City covers unexpected $23,000 cost for River Trail expansion

An estimated $23,000, added to the city’s cost for the third phase of Marietta’s River Trail project, had officials tapping the Community Development Block Grant budget to provide funding for the unexpected expense Thursday afternoon.

“We need to execute a work agreement on the River Trail project to build an (Americans with Disabilities Act-compliant) driveway on the trail route along East Eighth Street, and I’m estimating the cost at around $23,000,” said Eric Lambert, project manager with the city engineering office.

The city has to build a concrete driveway from the street to the top of an embankment where property owner Craig Nichols has boat trailers and other equipment parked on a lot elevated out of the floodplain.

Lambert said paving the driveway, which is currently made of gravel, would prevent gravel from being scattered as vehicles, including a 53-foot trailer, will be crossing the River Trail in that area.

Bill Dauber, the city ‘s assistant safety-service director, said there was no money in the municipal streets fund to cover the additional cost.

But finance committee chairman Tom Vukovic, D-4th Ward, noted some

monies had become available in the 2013 CDBG budget after a block grant-funded clerical position was eliminated in the city development office last week.

The committee members agreed to appropriate the $23,000 from the CDBG wages and benefits line item that had been freed up due to elimination of the clerical post.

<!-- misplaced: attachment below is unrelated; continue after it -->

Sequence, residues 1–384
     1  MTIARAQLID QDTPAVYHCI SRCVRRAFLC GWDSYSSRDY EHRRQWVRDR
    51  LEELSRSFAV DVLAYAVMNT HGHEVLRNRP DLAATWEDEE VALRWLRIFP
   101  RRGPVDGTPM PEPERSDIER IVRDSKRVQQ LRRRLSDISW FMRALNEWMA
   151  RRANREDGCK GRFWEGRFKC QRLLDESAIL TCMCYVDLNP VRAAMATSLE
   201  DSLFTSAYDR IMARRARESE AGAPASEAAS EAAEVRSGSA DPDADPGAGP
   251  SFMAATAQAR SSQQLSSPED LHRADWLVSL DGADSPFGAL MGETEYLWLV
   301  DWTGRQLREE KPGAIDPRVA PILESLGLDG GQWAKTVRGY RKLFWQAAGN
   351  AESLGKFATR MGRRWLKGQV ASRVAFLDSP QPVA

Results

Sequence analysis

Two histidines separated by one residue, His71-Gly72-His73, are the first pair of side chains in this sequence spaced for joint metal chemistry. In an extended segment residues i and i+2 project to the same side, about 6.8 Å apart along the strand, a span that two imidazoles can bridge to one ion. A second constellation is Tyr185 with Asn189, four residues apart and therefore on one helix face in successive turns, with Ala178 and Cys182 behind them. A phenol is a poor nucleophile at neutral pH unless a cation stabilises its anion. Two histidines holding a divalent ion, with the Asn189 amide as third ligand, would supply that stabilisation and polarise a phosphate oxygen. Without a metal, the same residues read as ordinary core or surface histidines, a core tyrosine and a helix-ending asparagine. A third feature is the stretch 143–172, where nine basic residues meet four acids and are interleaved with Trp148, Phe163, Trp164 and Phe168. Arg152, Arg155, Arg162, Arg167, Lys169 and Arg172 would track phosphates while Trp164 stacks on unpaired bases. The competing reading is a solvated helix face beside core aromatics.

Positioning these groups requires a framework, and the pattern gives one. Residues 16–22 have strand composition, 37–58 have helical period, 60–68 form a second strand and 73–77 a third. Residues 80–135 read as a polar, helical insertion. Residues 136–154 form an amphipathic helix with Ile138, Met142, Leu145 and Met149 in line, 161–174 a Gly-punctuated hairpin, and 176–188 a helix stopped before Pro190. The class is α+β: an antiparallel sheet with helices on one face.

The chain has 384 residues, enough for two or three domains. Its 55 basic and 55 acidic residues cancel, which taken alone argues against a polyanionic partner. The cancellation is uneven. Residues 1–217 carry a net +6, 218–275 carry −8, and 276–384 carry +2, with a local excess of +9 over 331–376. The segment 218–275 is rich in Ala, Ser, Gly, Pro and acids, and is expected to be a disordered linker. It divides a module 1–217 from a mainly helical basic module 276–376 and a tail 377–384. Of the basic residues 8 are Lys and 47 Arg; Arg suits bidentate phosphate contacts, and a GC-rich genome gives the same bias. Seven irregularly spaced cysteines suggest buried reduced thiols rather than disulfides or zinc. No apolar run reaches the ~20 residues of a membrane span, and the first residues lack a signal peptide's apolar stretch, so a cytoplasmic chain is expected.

The $1.4 million third phase of the River Trail project will extend the paved pedestrian and bicycle pathway 0.8 miles along the Ohio River from the current terminus at Fourth and Ohio streets, to the east side of Duck Creek near the Walmart shopping complex.

In other business Thursday, councilman Mike McCauley, D-2nd Ward, who chairs the water, sewer and sanitation committee, asked for legislation authorizing a request for qualifications from engineering firms to help the city develop its comprehensive source water protection project.

“I’ve been working on this wellhead protection plan for some time, and have been attempting to find a company willing to help us develop a management component for the plan,” he said.

After some research, McCauley discovered the cost for such work could approach $100,000.

“But we need this, so I propose we send out an RFQ that states what we need and let engineering companies qualified for the work respond,” he said.

The other committee members agreed to introduce the legislation during next Thursday’s regular council meeting at 7:30 p.m. in the community building at Lookout Park.